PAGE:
For most people Memorial Day marks the beginning of summer and vacation time. But for many it is a time to reflect upon and honor those who have served our country. The Paragon family counts two special heroes who were on active duty during World War II. Bert Mintz, husband of our CEO Hanne Mintz, and father of President Marina Mintz served in Patton’s Third Army in the 10th Armored Division (command Company B) during World War II from July 1943 to December 1945, and Chris George Yaldezian, grandfather to our Marketing Operations Director, Allie Yaldezian, served in the 9th Armored Division from December 1944 to March 1945.
Their stories below are dedicated to all the courageous, selfless men and women and their families who have laid down their lives to protect our freedom.
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Happy Memorial Day to you and yours!
Bert Mintz: A Pacifist goes to War
Bert was born in Brooklyn, a direct descendant of Hayim Solomon, quartermaster general in George Washington’s army and hero of the American revolution. He went to Georgia Tech to fulfill his dream of becoming an engineer. After only a year he was called up for active duty, and in Uncle Sam’s inimitable way was put in an Infantry unit despite his flat feet! Patton’s Third Army and the 10th Armored Division, aka the Tiger Division (command Company B) became his home for the next two years. After landing in Cherbourg in September 1944 and undergoing a month of training, Bert’s unit fought its way to capture Metz in November. They also liberated a concentration camp in the area despite official insistence that none had ever existed on French soil. Bert said he could never get that particular stench of death out of his nostrils.
In December 1944 Bert’s unit, comprising tanks and halftracks, were among the first combat troops to reach Bastogne, a hub in Belgium from which seven main roads diverge, allowing access to all of Europe from its center, and of enormous value to both sides. Command Company B (CCB) held Bastogne, suffering catastrophic losses, until the fabled 101st Airborne finally arrived. CCB was ordered to defend Bastogne at all costs – thus marking the beginning of the Battle of the Bulge, the major turning point in World War II. Bert’s heroism and injuries earned him a Purple Heart, a Bronze Star, and his proudest achievement - the Combat Infantry Badge. His unit also received a presidential commendation. Although Bert rarely spoke of his experiences, surely because they were so harrowing, he did write his memoir for his children so they might better understand their father.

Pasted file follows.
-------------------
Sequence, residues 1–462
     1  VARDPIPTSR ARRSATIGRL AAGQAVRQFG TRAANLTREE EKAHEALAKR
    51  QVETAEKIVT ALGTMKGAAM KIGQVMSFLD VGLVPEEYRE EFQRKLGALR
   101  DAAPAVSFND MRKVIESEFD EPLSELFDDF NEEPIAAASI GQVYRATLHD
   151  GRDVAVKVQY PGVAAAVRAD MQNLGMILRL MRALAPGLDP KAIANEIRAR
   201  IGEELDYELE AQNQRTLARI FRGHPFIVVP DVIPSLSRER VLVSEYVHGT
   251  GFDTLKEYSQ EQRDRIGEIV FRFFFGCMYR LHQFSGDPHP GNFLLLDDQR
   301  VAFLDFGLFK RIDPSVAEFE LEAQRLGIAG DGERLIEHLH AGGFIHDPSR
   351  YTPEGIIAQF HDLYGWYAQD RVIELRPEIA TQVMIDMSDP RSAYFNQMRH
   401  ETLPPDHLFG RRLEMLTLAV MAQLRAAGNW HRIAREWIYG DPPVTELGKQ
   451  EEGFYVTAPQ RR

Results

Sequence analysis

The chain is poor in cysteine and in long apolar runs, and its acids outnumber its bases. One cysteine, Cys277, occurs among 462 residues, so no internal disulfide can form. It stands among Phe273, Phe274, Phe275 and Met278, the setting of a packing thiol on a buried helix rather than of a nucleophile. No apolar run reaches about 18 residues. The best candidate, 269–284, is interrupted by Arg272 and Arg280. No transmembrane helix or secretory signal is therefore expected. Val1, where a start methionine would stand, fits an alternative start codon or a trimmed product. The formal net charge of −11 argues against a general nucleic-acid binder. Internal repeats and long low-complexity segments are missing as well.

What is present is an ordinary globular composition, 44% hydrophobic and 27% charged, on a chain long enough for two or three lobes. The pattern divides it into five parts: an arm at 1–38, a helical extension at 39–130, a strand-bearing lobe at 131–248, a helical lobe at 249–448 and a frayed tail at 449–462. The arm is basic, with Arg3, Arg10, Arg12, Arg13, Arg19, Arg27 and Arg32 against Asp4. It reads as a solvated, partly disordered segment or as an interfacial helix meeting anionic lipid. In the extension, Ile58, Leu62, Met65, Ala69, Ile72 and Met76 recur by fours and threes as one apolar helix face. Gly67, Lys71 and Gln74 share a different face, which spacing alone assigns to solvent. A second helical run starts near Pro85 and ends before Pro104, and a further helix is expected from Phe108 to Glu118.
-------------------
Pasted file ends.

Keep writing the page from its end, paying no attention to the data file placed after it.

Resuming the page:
Like most men and women at the end of that particular war, Bert mustered out, surrendering his firearm and vowing to never touch one again. “They are made for one reason only, to kill, and I have done enough of that.” He suffered nightmares his whole life, was haunted by thoughts of enemy killed, and how his hand forever impacted their families and friends. But he got on with life like all good soldiers do, earning Masters in Mechanical and Electrical Engineering from his beloved Georgia Tech, and a PhD in Public Administration. And always pointed to his very proudest accomplishment: his family.
Chris George Yaldezian: A Tale of Twin Telepathy
Chris George Yaldezian, grandfather to our Marketing Operations Director, celebrated his 90th birthday this month, surrounded by family and his wife of 60 years, Maggie. He served his country during World War II where he was assigned to the US Army’s 9th Armored Division in the 27th headquarters company. He saw active duty from December 1944 until March 1945 where he took part in the Battle of the Bulge alongside Bert Mintz and his troop in the 10th Armored Division.
Chris was assigned to actively scout out safe sleeping quarters for his division as they moved throughout Belgian and German territory. His unit was responsible for searching out resistance groups and it was on a mission of this nature where Chris was shot in the leg. Chris had an identical twin brother, John, who was unable to serve on active duty, due to a childhood eye injury. When Chris was injured, his mother received a telegram explaining that her son had been wounded, but it did not indicate where, when or how it happened, nor the severity of the injury. To comfort his mother, John told her that Chris had been shot in the calf, pointing to his own left leg. He said that he had been limping for two weeks, so he was sure that this is where the injury had taken place and assured her that he would be just fine. Sure enough, when Chris returned home safely, his brother was proven correct. He had been shot in the exact place he had described.
The two went on to do several twin studies over the decades, and it was determined that their DNA was so close that their own children were more like siblings than cousins. We thank Chris for his service in protecting our country, as we honor all of our veterans this Memorial Day and every day.